Hills Have Eyes
Most people know Wes Craven as the man behind two of horror’s biggest moneymaking franchises – Nightmare on Elm Street and Scream. But before those, in 1977, he directed The Hills Have Eyes, a very low budget film about a family that is terrorized by cannibals.
Flash forward nearly 30 years, and the horrormeister decided it was time to bring his sophmore effort to a new audience, and he did this by handpicking French-born Alexandre Aja for the remake. Ironically, this is also Aja’s sophmore effort, having helmed the much lauded Haute Tension in 2003. The French aren’t known for their horror films – you could probably count them on one hand – so Aja represents something very exciting to fans of European cinema and the horror genre.
Based closely on Craven’s original script, the remake finds the Carter family on their way to California via the New Mexico desert. “Big” Bob Carter (Ted Levine), a retired policeman, and his wife (Kathleen Quinlan) are celebrating their 25th anniversary by taking their family on a road trip. In tow are daughters Brenda (Emilie de Ravin) and Lynne (Vinessa Shaw); son, Bobby (Dan Byrd); son-in-law, Doug (Aaron Stanford); their infant grandchild; and German Shepherds Beauty and Beast. No one is very happy about the trek through the hot and desolate landscape, especially not when an unplanned “short cut” leaves them stranded in 100-degree temperatures, miles from civilization. The real horror begins, though, when they realize they aren’t alone.
Many horror fans have come to expect an unrelenting bloodbath from beginning to end, so they might find the pacing of Hills Have Eyes a lot slower than they are used to. With a few isolated exceptions – the opening sequence, for example – the killings don’t begin in earnest until a good halfway into the film. Why? Because Aja and co-writer Gregory Levasseur want you to care about the victims. Because when you are invested in them emotionally, once you see what happens to them, you become all the more shocked and devastated. I actually teared up a few times during the film.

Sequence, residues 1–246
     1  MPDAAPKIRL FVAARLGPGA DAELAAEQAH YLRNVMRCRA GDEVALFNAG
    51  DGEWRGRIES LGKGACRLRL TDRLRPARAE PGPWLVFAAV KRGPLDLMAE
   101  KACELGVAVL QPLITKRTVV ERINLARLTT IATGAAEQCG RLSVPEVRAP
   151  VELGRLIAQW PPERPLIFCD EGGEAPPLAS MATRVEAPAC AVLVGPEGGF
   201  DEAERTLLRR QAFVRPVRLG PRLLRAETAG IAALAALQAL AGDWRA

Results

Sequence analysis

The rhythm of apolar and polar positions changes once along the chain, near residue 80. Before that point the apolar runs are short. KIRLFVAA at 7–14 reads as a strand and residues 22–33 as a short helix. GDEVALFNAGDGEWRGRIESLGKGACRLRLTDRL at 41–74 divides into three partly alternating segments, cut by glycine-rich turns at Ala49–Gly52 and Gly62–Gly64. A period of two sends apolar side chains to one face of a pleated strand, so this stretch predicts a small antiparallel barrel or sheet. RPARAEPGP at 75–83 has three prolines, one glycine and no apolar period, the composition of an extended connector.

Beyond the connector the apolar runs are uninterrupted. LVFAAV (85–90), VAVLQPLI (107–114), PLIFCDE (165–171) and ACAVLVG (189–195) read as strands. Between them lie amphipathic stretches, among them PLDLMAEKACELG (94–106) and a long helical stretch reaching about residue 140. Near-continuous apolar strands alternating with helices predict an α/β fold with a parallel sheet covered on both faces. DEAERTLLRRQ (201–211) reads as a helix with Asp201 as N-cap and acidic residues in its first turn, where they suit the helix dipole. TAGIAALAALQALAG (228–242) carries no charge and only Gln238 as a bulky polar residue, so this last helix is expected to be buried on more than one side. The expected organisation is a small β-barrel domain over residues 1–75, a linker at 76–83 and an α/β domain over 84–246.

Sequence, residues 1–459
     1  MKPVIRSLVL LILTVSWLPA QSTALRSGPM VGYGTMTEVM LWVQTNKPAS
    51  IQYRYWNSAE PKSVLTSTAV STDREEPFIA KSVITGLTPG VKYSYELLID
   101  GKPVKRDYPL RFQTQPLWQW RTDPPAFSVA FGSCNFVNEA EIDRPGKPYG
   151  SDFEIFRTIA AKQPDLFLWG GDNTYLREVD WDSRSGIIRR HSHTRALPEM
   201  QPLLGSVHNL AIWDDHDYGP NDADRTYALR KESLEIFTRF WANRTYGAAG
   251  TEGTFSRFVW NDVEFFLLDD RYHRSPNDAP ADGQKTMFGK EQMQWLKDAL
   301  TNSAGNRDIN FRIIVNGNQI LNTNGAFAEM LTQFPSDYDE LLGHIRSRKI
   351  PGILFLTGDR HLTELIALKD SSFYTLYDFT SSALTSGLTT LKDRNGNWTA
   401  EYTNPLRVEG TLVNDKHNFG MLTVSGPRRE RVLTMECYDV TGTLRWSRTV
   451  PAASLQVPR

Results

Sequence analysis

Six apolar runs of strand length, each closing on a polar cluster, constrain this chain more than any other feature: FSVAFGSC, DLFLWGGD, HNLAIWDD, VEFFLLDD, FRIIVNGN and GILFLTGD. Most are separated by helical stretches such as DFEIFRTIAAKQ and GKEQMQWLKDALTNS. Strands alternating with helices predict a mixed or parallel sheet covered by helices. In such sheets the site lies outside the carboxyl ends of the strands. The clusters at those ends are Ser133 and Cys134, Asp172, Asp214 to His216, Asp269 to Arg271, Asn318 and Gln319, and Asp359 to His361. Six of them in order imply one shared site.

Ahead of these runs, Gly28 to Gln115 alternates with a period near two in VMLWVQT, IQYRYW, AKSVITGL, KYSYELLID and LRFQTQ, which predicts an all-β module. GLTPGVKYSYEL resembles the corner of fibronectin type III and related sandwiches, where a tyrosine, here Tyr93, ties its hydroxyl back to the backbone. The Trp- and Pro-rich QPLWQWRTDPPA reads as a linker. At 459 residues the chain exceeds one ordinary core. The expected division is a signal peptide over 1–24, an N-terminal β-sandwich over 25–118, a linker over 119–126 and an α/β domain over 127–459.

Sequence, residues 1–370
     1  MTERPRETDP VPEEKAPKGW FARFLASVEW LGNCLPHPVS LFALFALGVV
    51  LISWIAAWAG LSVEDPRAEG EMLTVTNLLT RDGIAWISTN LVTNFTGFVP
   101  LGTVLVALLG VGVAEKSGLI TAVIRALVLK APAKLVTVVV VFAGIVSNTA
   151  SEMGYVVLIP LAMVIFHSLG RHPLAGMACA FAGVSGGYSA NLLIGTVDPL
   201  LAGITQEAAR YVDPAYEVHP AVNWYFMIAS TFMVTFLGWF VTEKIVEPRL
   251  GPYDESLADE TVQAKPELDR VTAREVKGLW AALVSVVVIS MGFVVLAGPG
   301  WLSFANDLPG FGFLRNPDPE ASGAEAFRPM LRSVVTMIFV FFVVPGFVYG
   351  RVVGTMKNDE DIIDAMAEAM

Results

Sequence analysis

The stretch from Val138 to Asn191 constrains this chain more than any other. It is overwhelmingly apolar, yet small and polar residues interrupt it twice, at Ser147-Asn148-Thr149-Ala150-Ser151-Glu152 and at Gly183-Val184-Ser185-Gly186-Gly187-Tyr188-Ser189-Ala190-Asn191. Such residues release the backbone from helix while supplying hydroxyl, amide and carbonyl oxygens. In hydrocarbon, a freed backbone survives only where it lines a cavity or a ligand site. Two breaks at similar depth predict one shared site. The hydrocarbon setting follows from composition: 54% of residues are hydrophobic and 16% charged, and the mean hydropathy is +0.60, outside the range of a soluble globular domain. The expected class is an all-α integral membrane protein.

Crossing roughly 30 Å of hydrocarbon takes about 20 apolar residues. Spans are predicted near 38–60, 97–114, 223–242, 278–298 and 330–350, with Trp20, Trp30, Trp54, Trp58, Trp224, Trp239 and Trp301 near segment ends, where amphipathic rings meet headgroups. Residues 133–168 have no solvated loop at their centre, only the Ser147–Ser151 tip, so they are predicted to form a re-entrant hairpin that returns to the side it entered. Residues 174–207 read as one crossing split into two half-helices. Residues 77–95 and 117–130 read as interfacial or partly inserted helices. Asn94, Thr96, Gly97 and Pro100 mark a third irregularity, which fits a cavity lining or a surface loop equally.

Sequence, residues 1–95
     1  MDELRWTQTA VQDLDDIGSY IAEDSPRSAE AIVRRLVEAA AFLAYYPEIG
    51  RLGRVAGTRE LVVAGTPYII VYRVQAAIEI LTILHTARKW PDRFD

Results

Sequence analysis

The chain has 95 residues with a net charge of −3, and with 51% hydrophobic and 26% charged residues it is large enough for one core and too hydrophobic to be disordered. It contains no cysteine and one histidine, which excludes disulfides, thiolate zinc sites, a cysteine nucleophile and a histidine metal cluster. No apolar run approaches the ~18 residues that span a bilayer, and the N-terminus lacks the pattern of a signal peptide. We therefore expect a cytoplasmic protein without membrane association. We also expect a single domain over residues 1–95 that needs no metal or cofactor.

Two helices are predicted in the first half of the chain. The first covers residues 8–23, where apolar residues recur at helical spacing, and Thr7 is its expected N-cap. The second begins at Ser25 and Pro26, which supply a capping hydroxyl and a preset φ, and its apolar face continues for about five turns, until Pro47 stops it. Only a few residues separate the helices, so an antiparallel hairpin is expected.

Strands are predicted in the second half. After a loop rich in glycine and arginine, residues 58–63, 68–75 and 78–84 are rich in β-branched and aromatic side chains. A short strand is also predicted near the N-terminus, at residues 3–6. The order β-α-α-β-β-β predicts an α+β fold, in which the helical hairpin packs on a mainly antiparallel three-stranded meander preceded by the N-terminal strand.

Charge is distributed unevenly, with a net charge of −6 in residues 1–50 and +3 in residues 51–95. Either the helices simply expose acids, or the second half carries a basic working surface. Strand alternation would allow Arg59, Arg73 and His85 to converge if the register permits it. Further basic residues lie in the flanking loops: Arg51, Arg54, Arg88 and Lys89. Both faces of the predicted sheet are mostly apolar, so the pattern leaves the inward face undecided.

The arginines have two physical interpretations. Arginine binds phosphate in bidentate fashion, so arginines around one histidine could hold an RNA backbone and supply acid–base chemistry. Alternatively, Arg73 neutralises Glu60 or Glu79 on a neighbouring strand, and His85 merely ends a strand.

Whatever Aja is doing, it is working. When I saw Haute Tension, I could barely breathe I felt so tense. It was like sitting through 89 minutes of pure terror. (And, yes, I loved the twist ending.) Watching Hills Have Eyes had a similar effect, especially once the cannibals invaded. Furthermore, Aja has a real knack for stirring his audience’s emotions. When the victims begin fighting back you will find yourself stifling a scream of “whack him, whack him.”
As you might expect from French filmmakers, Aja and Levasseur give Hills Have Eyes a political undertone, which gives the story more dimension. The opening montage is particularly good, with alternating archived images of nuclear testing and the resulting biological effects – claw feet, Siamese twins, etc. The cannibals are actually products of those government tests. What’s more interesting, though, is how the film’s hero – a liberal Democrat who eschews guns and violence – changes once the situation becomes more dire. I liked the fact that the hero of this film – a very dynamic Stanford – isn’t a muscled up, one-liner spouting Austrian. Instead, he’s a skinny, bespectacled intellectual. Aja is thankfully moving away from the 1980s idea of a hero, and returning to one that comes straight out of the 1970s. I welcome the change.
Horror needs an injection of new talent, and Aja really fits the bill. I’m not alone in thinking this either. In 2004, Variety named him as one of the 10 Director’s to Watch. All I can say is that Aja could be the future of horror.